LEED Lab (Fa20 - Su22)

In August 2020, I started device design research under Professor Sayeef Salahuddin in the LEED Center (Lab for Emerging and Exploratory Devices) working on embedded memory devices, using TCAD (Sentaurus Workbench).

Our work was accepted for publication in the IEEE Journal for Transactions on Electron Devices! It will appear in the next available issue of T-ED, and a summary of the work will be given here soon.

Inclusive Study Group Formation (Fa20 - Sp22)

In August 2020, as part of my TA responsbilities, I began working with a team to develop a scalable infrastructure to rapidly form study groups for students that encouraged inclusivity. This has been successfully deployed in 6 classes for numerous semesters since then, including some of the largest introductory classes at UC Berkeley such as EECS 16AB and CS 61AB.

SWARM Lab (Sp19-Fa19)

Overview: In Spring 2019, I joined the SWARM Lab where I helped develop a portable, low-cost, functional MRI machine that only uses the Earth's magnetic field, but still has sufficient image quality to use outside hospitals. I worked on custom hardware design, testing, and validation for a prototype with graduate student Victor Han under Professor Chunlei Liu. A summary of my work and motivation is below.

Motivation / Design: Commercial magnetic resonance machines are notorious for their large size and noisy operation. Much of their inconvenience is related to the permanent magnets in the system. Furthermore, superconducting systems require careful temperature regulation. We therefore proposed a portable, convenient alternative that uses the Earth's magnetic field to obtain a usable signal for MRI. Prior attempts relied on pre-polarization to temporarily improve the strength and homogeneity of the Earth's field before scans. We worked on a unique design which doesn't require pre-polarization, improving upon existing concepts by implementing signal amplifiers with circuitry. We use an aluminum shell to block RF noise and digitally filter power line noise. Our circuitry is placed on the shielding and copper tape forms a reliable ground. The function generator here shows that the noise is small, as the signal isn't saturating despite our circuit's gain of 500,000.

Custom Circuit Design: We sought to address an area where scanning could be improved involving the transmit and receive of signals from the MRI scanner. The simple mechanism is to transmit, receive, and repeat. However, designing circuitry to enable simultaneous transmit-and-receive would allow much greater hardware efficiency and reduced scanning times. So, we built custom-circuitry to send and receive signals over different frequencies, with TR switches to toggle the signals. We used an Analog Discovery 2.0 and python scripting to process the signals. The circuit consisted of various tuned analog filters. We then designed and tested a PCB leading to additional adjusting for impedance matching.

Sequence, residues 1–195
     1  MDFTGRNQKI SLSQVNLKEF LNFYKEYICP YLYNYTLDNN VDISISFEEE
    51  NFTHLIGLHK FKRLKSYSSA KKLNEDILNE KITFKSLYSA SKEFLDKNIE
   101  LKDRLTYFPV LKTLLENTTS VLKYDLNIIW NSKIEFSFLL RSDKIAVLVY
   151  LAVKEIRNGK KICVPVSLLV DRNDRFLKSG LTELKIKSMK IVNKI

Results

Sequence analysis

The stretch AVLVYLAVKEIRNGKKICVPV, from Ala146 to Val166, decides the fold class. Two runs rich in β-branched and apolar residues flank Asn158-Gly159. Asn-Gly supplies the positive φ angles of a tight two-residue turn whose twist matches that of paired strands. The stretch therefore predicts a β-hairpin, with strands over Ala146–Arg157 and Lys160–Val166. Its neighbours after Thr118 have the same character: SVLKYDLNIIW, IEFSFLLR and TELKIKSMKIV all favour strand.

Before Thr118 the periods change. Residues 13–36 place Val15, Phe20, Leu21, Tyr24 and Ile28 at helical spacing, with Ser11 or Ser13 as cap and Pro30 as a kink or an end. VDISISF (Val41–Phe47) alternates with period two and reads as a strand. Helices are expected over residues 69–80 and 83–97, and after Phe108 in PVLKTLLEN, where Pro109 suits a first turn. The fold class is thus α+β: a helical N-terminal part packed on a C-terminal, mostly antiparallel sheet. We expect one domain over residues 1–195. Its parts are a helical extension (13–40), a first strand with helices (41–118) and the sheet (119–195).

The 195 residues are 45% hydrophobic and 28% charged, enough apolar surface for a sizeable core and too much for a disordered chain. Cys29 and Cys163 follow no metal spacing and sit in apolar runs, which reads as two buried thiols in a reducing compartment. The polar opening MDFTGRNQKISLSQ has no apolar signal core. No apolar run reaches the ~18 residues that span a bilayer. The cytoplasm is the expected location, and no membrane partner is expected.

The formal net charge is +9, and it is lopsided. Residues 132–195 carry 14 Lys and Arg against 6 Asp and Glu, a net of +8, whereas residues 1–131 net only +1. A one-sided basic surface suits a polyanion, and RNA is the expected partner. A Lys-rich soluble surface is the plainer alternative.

Hardware Validation: I also helped collect data to validate our custom-designed Earth's field MRI scanner against a commercial scanner (Terranova). We found that the magnetic fields in the lab were unpredictable even on an hour-to-hour basis, so the process of data collection was tedious. We used a simple phone app to find areas of high magnetic field strength, and conducted "spin echo" experiments to confirm the scanner's function. The scanner itself only contained small water bottles, not a tissue sample, but the polarized water molecules were enough for signal detection. We achieved equal performance between the custom hardware and the commercial scanner, all with reduced weight, much more compact size, and greater mobility.

The commercial scanner's spin-echo data.

Our custom circuit's collected spin-echo data.

Conboy Lab (Su16-Fa17, Fa18)

In this lab, I carried out cell-based biochemistry experiments and learned a variety of techniques in cell culture, immunostaining, and computational biology. In 2017, my project (Investigating the Effects of Human Serum Albumin and Mouse Serum on Proliferation of Neural Precursor Cells) aimed to determine how brain stem cells (neural precursor cells) reacted to the age of the blood they were surrounded by. How well do they grow and reproduce, and to what extent does their celular environment play a role? In 2016 (Determining the Effect of the Age of the Environment on the Incidence of Cellular Senescence ), my primary goal was to understand how well the expression of a protein marker called p16 acted as an indicator of cellular senescence (akin to hibernation).

The report I submitted for the Siemens Science Competition and Regeneron STS in 2017 are attached here, with an executive summary here. My report for Siemens 2016 is here.